Marketing

Suggestions on How to Become Established as a Freelance Translator

Marketing Freelance Translation Services

The principle of marketing freelance translation services is easy: To get freelance translation work you need to get yourself known.

There are various ways to go about achieving this aim: You can advertise, create your own website, network, contact agencies, send mail shots, cold call, even visit prospective customers, to name but a few options. Whatever you decide to do, research your target markets thoroughly.

Where to start

A good starting point is to register with the online Yellow Pages, Thompson's local business directory and other online hubs for local service providers as soon as possible. Don't delay. If no one knows you are now offering a service as freelance translator, no one will ask you to provide this service. You have to promote your business, otherwise you won't get any!

Surf the net looking for "translation agencies". Try to find agencies that are actively looking for translators in the language pair(s) you provide, fill in the online forms which are often provided - and don't expect an immediate response. I have had replies twelve months and more after my original application. It may be frustrating in the short term but in the long term your efforts will pay off. Translation agencies usually want experienced, qualified and cheap translators. They will often ask for references (I don't believe that these are always checked, though). Your chances of catching their attention are higher if you have specialised skills or experience.

Do some research

Don't just apply to any agency, there are many rogues out there! Start by researching those listed in the Association of Translation Companies (ATC). It's also advisable to check the payment record of any agency you are interested in on Proz Blue Board. You don't have to be a full member to get restricted access to the information there.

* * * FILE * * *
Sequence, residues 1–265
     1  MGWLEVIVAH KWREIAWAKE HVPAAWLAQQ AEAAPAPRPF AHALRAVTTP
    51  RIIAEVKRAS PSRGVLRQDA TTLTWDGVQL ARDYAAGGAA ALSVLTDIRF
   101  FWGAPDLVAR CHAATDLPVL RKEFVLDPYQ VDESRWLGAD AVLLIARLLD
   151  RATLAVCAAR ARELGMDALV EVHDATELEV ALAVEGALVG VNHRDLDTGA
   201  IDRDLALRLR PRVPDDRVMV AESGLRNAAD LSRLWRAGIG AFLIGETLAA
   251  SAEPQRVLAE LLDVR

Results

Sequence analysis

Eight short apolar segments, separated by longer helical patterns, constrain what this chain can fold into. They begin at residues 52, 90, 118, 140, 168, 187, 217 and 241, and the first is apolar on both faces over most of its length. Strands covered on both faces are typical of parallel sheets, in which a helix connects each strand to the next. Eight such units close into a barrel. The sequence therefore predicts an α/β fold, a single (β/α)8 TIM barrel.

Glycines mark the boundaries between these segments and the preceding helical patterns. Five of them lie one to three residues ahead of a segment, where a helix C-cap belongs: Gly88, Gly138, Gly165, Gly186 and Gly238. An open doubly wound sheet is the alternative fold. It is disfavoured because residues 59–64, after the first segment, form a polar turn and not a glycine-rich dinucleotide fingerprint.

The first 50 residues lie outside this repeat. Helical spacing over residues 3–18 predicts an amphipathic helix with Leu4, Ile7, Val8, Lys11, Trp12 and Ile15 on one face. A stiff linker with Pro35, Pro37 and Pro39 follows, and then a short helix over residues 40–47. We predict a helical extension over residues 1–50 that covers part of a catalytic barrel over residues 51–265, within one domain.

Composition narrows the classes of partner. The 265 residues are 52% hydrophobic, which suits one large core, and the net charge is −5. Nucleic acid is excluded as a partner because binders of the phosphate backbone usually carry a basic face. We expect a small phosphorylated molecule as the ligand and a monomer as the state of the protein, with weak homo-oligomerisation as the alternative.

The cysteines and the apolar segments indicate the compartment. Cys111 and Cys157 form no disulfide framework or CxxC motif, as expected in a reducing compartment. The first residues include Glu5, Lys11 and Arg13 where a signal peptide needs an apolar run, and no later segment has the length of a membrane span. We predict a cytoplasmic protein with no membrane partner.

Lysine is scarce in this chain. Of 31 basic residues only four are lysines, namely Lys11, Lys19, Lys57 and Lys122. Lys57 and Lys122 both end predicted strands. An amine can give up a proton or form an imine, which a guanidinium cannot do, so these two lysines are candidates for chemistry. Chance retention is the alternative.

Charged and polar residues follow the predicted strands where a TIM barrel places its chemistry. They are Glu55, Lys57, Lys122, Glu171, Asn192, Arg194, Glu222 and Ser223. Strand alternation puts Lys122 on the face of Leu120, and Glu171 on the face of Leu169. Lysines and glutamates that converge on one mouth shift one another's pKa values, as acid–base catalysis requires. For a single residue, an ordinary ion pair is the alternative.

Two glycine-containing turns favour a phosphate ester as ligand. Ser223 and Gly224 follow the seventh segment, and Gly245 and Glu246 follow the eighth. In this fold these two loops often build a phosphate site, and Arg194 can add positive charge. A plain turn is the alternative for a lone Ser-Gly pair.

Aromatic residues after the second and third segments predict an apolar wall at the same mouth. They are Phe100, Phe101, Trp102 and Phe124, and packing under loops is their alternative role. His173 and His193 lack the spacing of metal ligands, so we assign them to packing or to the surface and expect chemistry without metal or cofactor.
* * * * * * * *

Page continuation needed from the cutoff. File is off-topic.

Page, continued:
Research the name of the person to write to, don't just start your email with "Hi,...''. In your cover email mention your name, address, qualifications, professional memberships, source and target languages and areas of specialisation. Agencies receive hundreds of general applications every week. You have to stand out as a professional if you don't want to end up in the recycle bin.

Attention to detail

Marketing freelance translation services is more effective, if you target your campaign.

When you are looking for work, read the ads/web pages carefully. A freelance translator is not very likely to want to employ you. So go for the large agencies. Think big! How do you know if an ad or a web site is by a freelancer or an agency? One excellent indicator is how many languages they offer: The more language pairs in their advertisement, the more likely they are to be an agency.

Increase your chances by being proactive

Being a member of a professional body increases your chances of finding work with translation agencies (see the page "Getting external help"). All reputable agencies require it. Additionally, The Institute of Linguists, for example, has a Find-a-Linguist-Page and offers Job Opportunities. Opportunities for you to find a situation or be found. Last but not least, attending meetings will enable you to network: Make yourself known to fellow translators, join in with the networks offered by your translation association, and someone may remember you or pass on your name.